The Magellanic Tapaculo has large range in which it is described as common to fairly common.
The species is affected by habitat fragmentation, involving isolated small populations. However, large parts of the range are protected in Chile and Argentina.
More information is needed, but the species is not considered globally threatened, and the Magellanic Tapaculo is currently evaluated as Least Concern.  

Fr: Mérulaxe des Andes
Ang: Magellanic Tapaculo - Andean Tapaculo
All: Magellantapaculo
Esp: Churrín Magallánico
Ita: Tapaculo di Magellano
Nd: Magelhaentapaculo
Sd: magellantapakul


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BIRDS OF SOUTH AMERICA – Passerines - by Robert S. Ridgely and Guy Tudor – HELM Field Guides – ISBN: 9781408113424

The Birds of South America: Vol. II, The Suboscine Passerines De Robert S. Ridgely, Guy Tudor, William L. Brown, World Wildlife Fund - University of Texas Press, 1989 - ISBN: 0292770634, 9780292770638 - 940 pages

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Nesting Biology of Tapaculos (Rhinocryptidae) in Fragmented South-Temperate Rainforests of Chile

Habitat selection of endemic birds in temperate forests in a biodiversity “Hotspot”

First records of Rhynocryptid understory birds in the canopy of Chilean temperate rainforests

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Summary cards


Magellanic Tapaculo
Scytalopus magellanicus

Passeriformes Order – Rhynocryptidae Family

The Magellanic Tapaculo is the smallest member of genus Scytalopus. It is now a monotypic species. It is found from C Chile and W Argentina, S to Tierra del Fuego.
It frequents the temperate rainforests, and especially the adjacent bamboo thickets within the forest or at the edge. It is resident.
Due to its small size and the dark grey plumage, the Magellanic Tapaculo is difficult to find, but it is often located by its repetitive song, given all year round. It feeds on a variety of arthropods, and especially tiny insects, but the foraging behaviour is poorly known.  
This species builds a globular nest placed in hole or crack between the trunk and the bark, or among the roots of fallen trees.
The Magellanic Tapaculo has large range in which it is described as common to fairly common. It is not currently globally threatened.

Length: 9,5 cm
Weight: 10,5-14 g

The Magellanic Tapaculo adult male has dark grey plumage with slightly paler underparts. We can see a limited amount of rufous on lower flanks and thighs, often with dark bars.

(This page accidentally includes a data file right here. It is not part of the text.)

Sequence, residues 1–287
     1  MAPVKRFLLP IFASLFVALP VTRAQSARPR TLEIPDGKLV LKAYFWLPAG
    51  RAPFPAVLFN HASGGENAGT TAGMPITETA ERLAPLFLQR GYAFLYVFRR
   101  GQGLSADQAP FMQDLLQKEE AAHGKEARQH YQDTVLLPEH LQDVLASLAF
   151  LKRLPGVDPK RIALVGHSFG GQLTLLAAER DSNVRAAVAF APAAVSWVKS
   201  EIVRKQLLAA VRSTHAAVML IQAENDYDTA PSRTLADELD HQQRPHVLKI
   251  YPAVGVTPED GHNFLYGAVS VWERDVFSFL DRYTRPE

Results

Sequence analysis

On the upperwing, the inner flight-feathers are dark brown with black subterminal bar and narrow, brown tip. The cocked tail is grey.

On the head, the forecrown is often silvery-white with scaly effect, but this feature may differ between individuals.
The pointed bill is blackish with greyish base. The eyes are dark brown. Legs and feet are flesh-coloured.

The female is similar but she has paler appearance.
The juvenile is brown with darker bars. It lacks the white crown feathers.   


The Magellanic Tapaculo occurs in C and S Chile and W Argentina, S to Cape Horn.
A specimen was collected in the Falkland Islands in the 19th century by Charles Darwin, but habitat degradation on these islands has precluded further sightings of the species.

The Magellanic Tapaculo frequents the dense vegetation in forest and woodland, and forages on the ground in the thick undergrowth. It is also found in bamboo thickets near the edge of the forest, and especially in patches of Chusquea bamboo. It also frequents rocky grasslands.
From an observation (from January to April 2017), the species was observed in the canopy of Chilean temperate rainforest for the first time.  
The Magellanic Tapaculo occurs between 1,000 and 2,300 metres of elevation in Chile, but up to 3,500 metres in Mendoza in Argentina, and from sea-level to 1,000 metres in the south.

The members of genus Scytalopus are very similar in appearance to each other, and the voice plays an important role to identify them.
The contact call of the Magellanic Tapaculo is a slightly rising trill of 12-15 notes uttered in 1,5-2 seconds.
The alarm call given by both adults, is a slightly falling trill including first 5-7 notes, followed by a short series of 3 notes, and a second series of other 3 notes with the first longer and the last shorter.
The song is a repeated, rhythmic “ka-chéw, ka-chéw, ka-chéw, ka-chéw…” that may last several minutes without a pause. The phrases are given at a rate of about 2 per second.

The members of genus Scytalopus feed mainly on tiny insects. They glean their prey from moss, leaf litter, earth and rotting vegetation, while moving quickly on the ground or in the undergrowth.
They are “mouse-like” while foraging under roots, on mossy rocks or among tussocks of grass. 

The tapaculos are often found in pairs, and both mates keep in vocal contact with one another. They are strongly territorial.
They are generally restless and fast-moving birds. When disturbed, they prefer to run rather than fly.

The Magellanic Tapaculo is sedentary.
Tapaculos have short wings and are poor fliers. They easily become isolated in small populations within their highly localised distribution.

The laying takes place in October/November.
The Magellanic Tapaculo builds the nest in cracks in trees between the trunk and the bark, but also among the roots of fallen trees or on banks covered with ferns.
The domed, globular nest is made of mosses, lichens and vegetal fibres. It is lined with soft grass and horse hair. It is probably built by both adults.

The female usually lays 2-3 white, unmarked eggs, but this species has been reported occasionally to lay 4 eggs in a clutch.
Both adults probably share the incubation roughly estimated at more or less 15 days. Both parents feed the chicks with insects. The nestling period is unknown.